Description

  • Henry Ford’s son, Edsel, was inspired by continental designs he saw in Europe, which resulted in the Lincoln Continental.
  • The spare tire mounted outside the rear deck, the long hood and relatively short passenger compartment distinguished it from other American-built cars.
  • It was intended as Edsel’s personal car, but went into production after the public’s enthusiasm over its design. 

Story

Story

In September 1938, following Edsel Ford’s trip to Europe, he was excited by continental automotive designs he has seen and presented his stylists with sketches for an automobile unlike anything then produced in the United States.  The stylists liked the design, but suggested that the spare tire be placed inside the trunk compartment.  Edsel Ford insisted that it remain mounted outside the rear deck.  It was this feature, along with a long hood and relatively short passenger compartment that distinguished this car from others built in America.  It led to the use of the name “Continental,” suggestive of certain European styling characteristics.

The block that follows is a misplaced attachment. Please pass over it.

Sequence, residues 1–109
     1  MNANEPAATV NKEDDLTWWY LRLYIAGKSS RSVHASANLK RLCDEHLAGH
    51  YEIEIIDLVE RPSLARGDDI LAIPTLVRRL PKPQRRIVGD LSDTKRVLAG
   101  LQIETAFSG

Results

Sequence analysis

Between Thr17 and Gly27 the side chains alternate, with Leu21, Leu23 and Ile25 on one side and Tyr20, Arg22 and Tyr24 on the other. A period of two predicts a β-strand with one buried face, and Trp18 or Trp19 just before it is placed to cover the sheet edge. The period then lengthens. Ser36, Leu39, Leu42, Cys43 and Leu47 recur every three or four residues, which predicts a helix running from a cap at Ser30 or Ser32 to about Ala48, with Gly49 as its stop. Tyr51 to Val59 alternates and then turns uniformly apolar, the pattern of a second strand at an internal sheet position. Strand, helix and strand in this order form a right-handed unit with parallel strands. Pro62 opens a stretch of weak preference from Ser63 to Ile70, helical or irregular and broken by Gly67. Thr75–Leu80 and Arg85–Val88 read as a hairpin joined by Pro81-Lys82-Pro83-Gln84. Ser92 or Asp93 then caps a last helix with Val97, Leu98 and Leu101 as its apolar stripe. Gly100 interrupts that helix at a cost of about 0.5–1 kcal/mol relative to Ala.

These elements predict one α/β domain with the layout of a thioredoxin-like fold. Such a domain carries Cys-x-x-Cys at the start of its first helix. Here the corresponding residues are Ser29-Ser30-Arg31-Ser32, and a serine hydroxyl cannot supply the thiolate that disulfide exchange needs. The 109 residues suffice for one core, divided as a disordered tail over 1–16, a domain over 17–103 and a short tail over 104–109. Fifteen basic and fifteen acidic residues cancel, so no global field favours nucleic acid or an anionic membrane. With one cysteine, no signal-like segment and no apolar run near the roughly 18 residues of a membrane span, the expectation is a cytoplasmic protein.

Edsel originally intended that the Lincoln Continental be his personal car, with no thought of producing the car in quantity, but public enthusiasm evoked by this styling concept was tremendous.  With orders streaming in for an automobile that was not even being made for public sale, Edsel decided the car was worthy of production. The new car was formally introduced in October 1939 as the Continental model of the Lincoln-Zephyr, the top of the Zephyr line.  It first appeared at the Ford Rotunda in Dearborn, Michigan, and two weeks later during the New York and Los Angeles auto shows.

Because each car was virtually handmade, only 25 were produced during 1939 and 350 in 1940.  The 1941 Continentals were dropped from the Lincoln-Zephyr line and “Lincoln Continental” appeared on the side of the hood and on the spare tire hubcap.  Lincoln Continental’s production number was 1,250 for 1941, the last full year of production before America entered WWII.  The Continental was revived after the war.  Because Edsel Ford died in 1943 and Ford executives were generally not in favor of producing a car with such a small production run, the company ceased Lincoln Continental production in March 1948.

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